Pitching Secrets from the Other Side of The Desk

As a producer, I’ve been in every pitching situation imaginable, on both sides of the desk.

I’ve heard thousands of pitches from writers.  I’ve brought pitches into every studio, often with A-list writers, directors and stars attached.  From swank studio conference rooms to a cramped office inside an aged production trailer, I‘ve been there, done that.  I’ve set up a cable film with a phone call and a newspaper clipping.  With a single submission, I’ve set up a studio project based on a few sentence description of a short-lived TV series from decades past.

I’ve had execs thank me profusely for bringing in such an impressive story – and then pass.  I’ve suffered through an exec who’ve failed to mask their dislike of a concept from the first minute, as well as an exec who failed to keep her eyes open in one of the most dynamic action dramas ever, until the arrestingly handsome writer jumped up and began acting it out.

I was listening to a pitch from a writing team, when the door to my office opened revealing – for my eyes only – a movie star clad only in his tidy whities.  Shocked as I was, he expected to find his costume designer on the other side.

I’ve taken these experiences, the good, bad and downright painful, and become a Pitch Doctor.  I specialize not in getting people to “Open up, stick out your tongue and say “Ah,” but to get them say “Ah-HA!” by helping them discover what to pitch, how to pitch and how to use pitching as a fast track to success.

Save the Cat by Blake Snyder

When I first began teaching the art of pitching, I turned to my friend, the late Blake Snyder of Save the Cat

® fame, and asked, “What do writers really want to know about pitching?”

Blake insisted that what he and all other writers wanted was what we – the execs – are thinking in a pitch meeting.  What’s going on in our heads? 

So here are some secrets from the other side of the desk – what executives won’t likely tell you in the room.  What really matters in a pitch and what simply shouldn’t be said.  Know the mistakes guaranteed to sink your pitch and the surefire ways to slam dunk it.


Pitching The Slam Dunk
Pitching perfection. Nothing but net!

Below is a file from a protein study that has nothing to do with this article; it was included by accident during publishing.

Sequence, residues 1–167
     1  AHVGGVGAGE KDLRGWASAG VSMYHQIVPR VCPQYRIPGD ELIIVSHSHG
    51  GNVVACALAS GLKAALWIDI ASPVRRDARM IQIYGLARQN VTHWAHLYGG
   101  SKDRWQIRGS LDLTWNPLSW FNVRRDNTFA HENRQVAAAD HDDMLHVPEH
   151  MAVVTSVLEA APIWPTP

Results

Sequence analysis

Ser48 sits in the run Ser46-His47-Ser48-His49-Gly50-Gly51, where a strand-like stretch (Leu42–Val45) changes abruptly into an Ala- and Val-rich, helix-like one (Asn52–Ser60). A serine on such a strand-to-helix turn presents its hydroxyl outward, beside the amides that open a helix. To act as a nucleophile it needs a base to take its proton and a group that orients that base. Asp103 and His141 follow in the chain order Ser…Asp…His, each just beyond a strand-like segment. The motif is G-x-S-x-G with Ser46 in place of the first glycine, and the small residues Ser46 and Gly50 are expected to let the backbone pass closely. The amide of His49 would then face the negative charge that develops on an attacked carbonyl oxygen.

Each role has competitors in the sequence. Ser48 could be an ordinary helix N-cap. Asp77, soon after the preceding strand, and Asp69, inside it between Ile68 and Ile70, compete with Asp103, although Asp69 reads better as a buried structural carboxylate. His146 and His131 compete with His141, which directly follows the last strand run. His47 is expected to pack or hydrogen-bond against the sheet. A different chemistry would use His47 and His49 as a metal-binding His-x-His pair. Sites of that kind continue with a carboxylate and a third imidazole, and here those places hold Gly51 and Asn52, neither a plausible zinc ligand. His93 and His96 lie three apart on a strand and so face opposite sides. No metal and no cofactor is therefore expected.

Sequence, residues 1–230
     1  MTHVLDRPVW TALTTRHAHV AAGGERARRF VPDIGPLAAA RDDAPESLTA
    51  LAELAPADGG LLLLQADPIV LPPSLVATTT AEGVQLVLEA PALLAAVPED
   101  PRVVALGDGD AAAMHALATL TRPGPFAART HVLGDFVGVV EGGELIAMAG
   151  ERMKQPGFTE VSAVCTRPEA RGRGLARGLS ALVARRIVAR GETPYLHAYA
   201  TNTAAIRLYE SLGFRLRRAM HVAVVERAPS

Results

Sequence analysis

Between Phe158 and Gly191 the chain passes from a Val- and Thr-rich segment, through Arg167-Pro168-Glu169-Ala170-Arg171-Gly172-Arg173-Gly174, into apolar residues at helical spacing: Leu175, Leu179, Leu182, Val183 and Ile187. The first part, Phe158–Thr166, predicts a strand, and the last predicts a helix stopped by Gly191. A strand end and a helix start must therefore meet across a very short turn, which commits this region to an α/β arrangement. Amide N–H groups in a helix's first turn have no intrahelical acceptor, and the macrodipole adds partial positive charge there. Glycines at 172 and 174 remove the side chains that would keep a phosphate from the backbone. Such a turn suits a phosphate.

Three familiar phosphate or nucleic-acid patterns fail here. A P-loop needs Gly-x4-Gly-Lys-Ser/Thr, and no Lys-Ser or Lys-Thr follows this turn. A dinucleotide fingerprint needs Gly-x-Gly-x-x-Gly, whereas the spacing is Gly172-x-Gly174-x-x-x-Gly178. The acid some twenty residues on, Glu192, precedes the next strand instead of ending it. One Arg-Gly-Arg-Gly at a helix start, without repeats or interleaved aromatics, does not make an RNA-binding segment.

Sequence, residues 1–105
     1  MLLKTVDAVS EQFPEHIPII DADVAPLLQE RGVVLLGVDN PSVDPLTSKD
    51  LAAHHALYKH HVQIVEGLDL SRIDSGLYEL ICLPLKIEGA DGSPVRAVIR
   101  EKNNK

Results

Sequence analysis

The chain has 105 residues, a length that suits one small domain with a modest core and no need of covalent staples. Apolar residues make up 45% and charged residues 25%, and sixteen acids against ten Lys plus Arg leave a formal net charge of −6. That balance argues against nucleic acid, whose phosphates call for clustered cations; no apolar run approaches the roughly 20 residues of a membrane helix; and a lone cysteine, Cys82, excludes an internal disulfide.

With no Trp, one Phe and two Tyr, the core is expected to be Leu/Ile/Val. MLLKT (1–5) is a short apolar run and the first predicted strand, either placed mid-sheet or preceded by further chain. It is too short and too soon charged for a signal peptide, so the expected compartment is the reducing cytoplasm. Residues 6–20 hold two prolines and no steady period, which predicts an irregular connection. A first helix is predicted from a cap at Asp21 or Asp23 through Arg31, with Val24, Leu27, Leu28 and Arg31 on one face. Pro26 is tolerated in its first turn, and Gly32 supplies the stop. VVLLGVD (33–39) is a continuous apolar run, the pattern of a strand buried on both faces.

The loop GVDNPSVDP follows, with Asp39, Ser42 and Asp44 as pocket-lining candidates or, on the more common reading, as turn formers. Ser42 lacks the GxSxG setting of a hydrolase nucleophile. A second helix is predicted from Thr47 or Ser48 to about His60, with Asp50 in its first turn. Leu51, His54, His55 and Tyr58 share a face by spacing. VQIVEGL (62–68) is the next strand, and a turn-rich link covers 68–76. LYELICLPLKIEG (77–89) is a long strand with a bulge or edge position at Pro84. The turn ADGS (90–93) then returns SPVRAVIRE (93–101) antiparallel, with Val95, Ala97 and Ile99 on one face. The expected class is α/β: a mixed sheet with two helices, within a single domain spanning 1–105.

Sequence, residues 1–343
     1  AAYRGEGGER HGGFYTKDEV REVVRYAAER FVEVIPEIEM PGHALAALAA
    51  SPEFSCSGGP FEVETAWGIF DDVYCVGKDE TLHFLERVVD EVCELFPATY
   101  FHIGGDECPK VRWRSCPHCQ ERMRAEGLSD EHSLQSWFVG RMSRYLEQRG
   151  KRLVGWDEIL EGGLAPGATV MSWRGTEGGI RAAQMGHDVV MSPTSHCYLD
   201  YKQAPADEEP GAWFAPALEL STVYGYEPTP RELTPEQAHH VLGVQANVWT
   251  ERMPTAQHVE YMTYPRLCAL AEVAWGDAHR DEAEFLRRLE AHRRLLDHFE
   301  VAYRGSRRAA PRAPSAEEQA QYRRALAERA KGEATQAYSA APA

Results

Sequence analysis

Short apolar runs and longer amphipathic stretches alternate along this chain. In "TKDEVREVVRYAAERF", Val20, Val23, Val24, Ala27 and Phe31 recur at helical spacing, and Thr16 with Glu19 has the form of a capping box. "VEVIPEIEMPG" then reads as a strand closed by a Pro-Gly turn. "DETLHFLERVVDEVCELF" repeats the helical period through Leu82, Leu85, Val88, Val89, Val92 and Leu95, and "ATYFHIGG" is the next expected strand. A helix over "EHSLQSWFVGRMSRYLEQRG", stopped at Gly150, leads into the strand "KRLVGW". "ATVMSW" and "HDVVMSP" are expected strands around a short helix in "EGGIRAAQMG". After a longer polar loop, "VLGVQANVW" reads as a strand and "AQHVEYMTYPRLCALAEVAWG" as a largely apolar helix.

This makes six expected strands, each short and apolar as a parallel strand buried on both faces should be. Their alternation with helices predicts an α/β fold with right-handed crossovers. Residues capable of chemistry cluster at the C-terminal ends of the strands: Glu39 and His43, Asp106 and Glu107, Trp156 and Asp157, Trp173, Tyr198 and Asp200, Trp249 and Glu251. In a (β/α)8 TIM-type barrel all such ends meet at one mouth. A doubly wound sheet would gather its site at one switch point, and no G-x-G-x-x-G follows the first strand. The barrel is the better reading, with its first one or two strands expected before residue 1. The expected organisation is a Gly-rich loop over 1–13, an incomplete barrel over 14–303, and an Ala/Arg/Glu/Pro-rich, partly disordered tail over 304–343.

• A great hook – we can’t get it out of our minds.  What I call a “Hooky Idea.”
  • You surprise us.  We’ve heard it all, so actually fresh story, a twist we truly didn’t see coming, grabs us.  A completely new twist on something we’ve see before is a total turn on.
  • We can immediately think of Male Stars for the hero, or better yet, Two Male Stars for the two leads.
  • We see trailer moments and a one-sheet.
  • You pitch something somehow similar to whatever was a huge hit or surprise success at the box office last weekend – but different.
  • You have a potential Four Quadrant concept, meaning it hits all segments of the movie going audience.
  • We know how to sell it and who will buy it – the Number One way to succeed.

SEVEN WAYS YOU’RE SUNK                   

Your Pitch is Sunk!
  • It’s Execution Dependant!  The deliciousness is in the details, not the concept.  The Number One way to tank, as you simply cannot succeed.  This should not be pitched – EVER.  Go spec it.  Write something marvelous.  It may take you a hundred drafts, but ultimately it makes people passionate to bring it to the screen.  Even if it doesn’t get sold, execs will want to have a project with you.
  • TEN seconds in the wrong world – not the world of your story – and we’re gone.  If you don’t tell us the tone of your movie, we’ll start making it up in our heads.  And it’s not likely to be the movie in your head.  You will never get us back.  There’s a very old saying, “There’s a fine line between comedy and tragedy.”  And the reason it’s a very old saying is because it’s true.
  • We can’t follow your story.  Where are we in the world, if it’s not here and now?  Where are we in the story?  Is this Act Two or still Act One?  Take us by the hand and have your hero lead us into your world and your story.
  • We already have a project like it.  We’ll cut you off immediately.  We don’t want you to sue us for stealing your idea – an idea that we’re already developing.  Don’t take it personally.  If you don’t have something else ready to pitch, learn what we are looking for and get out.  Live to fight another day.
  • You hit the genre we just “don’t get.”  Everyone has them.  Perhaps it’s just not our cup of tea; a story we don’t respond to for personal reasons.  Be especially wary of black comedies and spoofs, which are very few people’s cup of tea.
  • Your idea does not fit our mandate.  Do your homework; know who you’re pitching to.  Don’t bring a girl’s coming of age story to Joel Silver’s company.  Don’t pitch a story about toys that come to life in the attic to Pixar.  Yes, that was a real pitch.  Can’t make this stuff up.
  • All hat and no cattle.  Academy Award® nominated writer Mark Fergus calls this, “All rocket, no bottle.”  It seems like a hook, but there’s nothing to support it.  The pieces don’t fit together.  It sounds cool, but it makes no sense, has no structure and lacks the Essential Elements of story.

AND ONE BONUS as I’m seeing this so much lately in pitches and queries:

Never, ever tell us how successful your project is going to be.  That there will be sequels, action figures and theme park rides.  Even top studio marketing execs can’t determine this, so it makes you look like an amateur.

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